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Cell Stress Chaperones. 2010 Sep;15(5):467-73. doi: 10.1007/s12192-010-0171-4. Epub 2010 Feb 25.

Immunopathogenic consequences of Chlamydia trachomatis 60 kDa heat shock protein expression in the female reproductive tract.

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Division of Immunology and Infectious Diseases, Department of Obstetrics and Gynecology, Weill Cornell Medical College, 525 East 68th Street, P.O. Box 35, New York, NY 10065, USA.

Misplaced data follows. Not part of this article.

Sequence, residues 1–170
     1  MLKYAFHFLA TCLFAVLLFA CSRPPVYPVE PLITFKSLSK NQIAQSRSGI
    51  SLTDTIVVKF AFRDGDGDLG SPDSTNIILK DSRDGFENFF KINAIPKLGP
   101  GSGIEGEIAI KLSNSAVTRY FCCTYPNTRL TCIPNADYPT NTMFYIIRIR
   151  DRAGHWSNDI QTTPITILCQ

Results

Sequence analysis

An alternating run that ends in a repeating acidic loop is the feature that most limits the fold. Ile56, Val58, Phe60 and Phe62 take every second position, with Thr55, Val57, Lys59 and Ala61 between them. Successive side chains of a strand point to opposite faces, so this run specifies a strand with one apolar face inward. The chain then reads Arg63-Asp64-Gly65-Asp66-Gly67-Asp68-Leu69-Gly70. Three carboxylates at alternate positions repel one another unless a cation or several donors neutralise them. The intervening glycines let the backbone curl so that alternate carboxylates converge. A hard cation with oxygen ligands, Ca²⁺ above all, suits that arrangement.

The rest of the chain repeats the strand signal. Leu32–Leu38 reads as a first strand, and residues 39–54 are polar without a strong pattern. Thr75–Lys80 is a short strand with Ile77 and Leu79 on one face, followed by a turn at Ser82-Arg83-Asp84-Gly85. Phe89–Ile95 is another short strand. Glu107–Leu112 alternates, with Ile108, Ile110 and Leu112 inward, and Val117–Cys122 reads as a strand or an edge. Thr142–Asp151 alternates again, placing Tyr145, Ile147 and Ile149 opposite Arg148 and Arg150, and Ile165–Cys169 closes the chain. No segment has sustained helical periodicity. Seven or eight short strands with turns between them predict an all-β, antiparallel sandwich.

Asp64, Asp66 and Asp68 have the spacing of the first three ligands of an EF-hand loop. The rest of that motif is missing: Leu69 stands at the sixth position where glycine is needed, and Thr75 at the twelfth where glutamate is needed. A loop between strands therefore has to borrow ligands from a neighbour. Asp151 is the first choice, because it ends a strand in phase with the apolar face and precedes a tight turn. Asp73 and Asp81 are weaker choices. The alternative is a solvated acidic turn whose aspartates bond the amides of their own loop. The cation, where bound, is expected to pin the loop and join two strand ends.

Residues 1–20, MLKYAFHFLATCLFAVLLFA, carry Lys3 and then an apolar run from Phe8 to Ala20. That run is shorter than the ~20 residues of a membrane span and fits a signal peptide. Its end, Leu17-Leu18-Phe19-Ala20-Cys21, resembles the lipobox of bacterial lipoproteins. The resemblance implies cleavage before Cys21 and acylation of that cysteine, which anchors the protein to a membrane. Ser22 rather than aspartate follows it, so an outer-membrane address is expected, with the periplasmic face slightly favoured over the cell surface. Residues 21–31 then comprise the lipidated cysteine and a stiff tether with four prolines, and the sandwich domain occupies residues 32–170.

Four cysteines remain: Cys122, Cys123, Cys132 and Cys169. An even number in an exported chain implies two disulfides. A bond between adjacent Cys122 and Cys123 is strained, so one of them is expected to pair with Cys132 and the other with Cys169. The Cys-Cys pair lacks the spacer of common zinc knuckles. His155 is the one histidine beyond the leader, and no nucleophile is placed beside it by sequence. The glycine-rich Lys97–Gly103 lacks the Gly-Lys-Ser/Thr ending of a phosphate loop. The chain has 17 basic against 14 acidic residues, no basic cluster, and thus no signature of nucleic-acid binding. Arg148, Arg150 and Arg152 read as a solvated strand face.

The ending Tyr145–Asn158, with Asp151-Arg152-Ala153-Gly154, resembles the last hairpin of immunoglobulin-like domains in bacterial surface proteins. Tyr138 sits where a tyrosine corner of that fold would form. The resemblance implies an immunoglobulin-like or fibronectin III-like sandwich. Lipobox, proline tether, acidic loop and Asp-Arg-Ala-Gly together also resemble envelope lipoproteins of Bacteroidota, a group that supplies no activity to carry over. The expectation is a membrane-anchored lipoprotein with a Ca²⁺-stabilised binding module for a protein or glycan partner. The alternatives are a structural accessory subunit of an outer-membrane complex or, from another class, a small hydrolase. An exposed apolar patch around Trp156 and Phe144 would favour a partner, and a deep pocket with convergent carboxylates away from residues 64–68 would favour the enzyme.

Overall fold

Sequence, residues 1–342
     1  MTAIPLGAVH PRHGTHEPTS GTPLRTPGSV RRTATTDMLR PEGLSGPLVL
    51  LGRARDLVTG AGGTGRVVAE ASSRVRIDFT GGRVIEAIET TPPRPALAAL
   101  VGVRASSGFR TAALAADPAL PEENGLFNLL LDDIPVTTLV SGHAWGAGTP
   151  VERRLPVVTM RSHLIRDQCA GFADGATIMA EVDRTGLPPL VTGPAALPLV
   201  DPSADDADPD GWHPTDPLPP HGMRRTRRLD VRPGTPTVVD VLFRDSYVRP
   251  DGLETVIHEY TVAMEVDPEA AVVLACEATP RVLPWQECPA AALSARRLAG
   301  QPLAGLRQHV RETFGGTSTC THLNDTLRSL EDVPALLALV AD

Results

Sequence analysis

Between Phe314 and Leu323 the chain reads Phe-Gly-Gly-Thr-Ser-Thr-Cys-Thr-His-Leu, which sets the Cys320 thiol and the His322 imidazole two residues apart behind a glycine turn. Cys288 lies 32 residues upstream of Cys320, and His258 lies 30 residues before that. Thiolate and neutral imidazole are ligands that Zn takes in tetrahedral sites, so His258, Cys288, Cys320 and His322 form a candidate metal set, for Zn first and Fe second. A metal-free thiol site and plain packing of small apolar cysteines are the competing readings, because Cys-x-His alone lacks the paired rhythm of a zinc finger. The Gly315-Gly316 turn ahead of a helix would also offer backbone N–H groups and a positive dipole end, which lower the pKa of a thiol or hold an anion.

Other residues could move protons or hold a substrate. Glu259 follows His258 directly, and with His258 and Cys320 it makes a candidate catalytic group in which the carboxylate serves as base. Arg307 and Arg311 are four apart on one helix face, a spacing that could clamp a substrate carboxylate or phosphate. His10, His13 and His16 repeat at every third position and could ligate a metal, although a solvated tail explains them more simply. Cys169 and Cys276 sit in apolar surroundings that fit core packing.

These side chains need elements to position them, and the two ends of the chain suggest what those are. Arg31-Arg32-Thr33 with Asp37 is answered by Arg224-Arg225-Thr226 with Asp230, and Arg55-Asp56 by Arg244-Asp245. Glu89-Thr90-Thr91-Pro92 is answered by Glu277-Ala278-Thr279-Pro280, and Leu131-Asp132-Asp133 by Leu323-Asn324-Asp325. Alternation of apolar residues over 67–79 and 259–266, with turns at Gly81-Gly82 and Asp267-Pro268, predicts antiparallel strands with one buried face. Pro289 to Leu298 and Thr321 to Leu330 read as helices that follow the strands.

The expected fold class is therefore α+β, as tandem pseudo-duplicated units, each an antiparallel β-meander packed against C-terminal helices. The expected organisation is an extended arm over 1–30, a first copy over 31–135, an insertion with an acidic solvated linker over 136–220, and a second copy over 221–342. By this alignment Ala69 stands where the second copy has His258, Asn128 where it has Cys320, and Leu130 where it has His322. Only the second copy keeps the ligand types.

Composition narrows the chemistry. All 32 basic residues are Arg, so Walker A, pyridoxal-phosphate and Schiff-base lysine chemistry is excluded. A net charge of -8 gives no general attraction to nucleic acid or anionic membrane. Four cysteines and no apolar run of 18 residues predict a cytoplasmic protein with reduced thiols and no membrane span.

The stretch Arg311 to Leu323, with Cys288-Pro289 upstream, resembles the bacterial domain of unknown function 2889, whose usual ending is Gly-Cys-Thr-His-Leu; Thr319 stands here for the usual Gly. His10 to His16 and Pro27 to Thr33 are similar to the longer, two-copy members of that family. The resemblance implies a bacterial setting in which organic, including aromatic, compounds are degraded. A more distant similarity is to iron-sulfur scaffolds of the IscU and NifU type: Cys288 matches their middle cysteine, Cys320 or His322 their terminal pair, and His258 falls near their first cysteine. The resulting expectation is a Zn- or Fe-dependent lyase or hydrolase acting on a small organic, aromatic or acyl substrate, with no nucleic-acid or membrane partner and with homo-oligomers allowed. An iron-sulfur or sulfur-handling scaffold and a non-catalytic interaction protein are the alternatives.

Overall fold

Chlamydia trachomatis is an obligate intracellular bacterium that infects chiefly urogenital and ocular epithelial cells. In some infected women the microorganism migrates to the upper reproductive tract resulting in a chronic, but asymptomatic, infection. The immune response to this infection, production of interferon-gamma and pro-inflammatory cytokines, results in interruption of chlamydial intracellular replication. However, the Chlamydia remains viable and enters into a persistent state. In this form, most chlamydial genes are inactive. An exception is the gene coding for the 60 kDa heat shock protein (hsp60), which is synthesized in increased amounts and is released into the extracellular milieu. The chronic release of chlamydial hsp60 induces a local pro-inflammatory immune response in fallopian tube epithelia and results in scar formation and tubal occlusion. In addition, long-term exposure of the maternal immune system to the chlamydial hsp60 eventually results in the release of tolerance and generation of an immune response that recognizes regions of the chlamydial hsp60 that are also present in the human hsp60. Production of cross-reacting antibodies and cell-mediated immunity to the human hsp60 is detrimental to subsequent pregnancy outcome and may also possibly increase susceptibility to atherosclerosis, autoimmune disorders, or malignancies.

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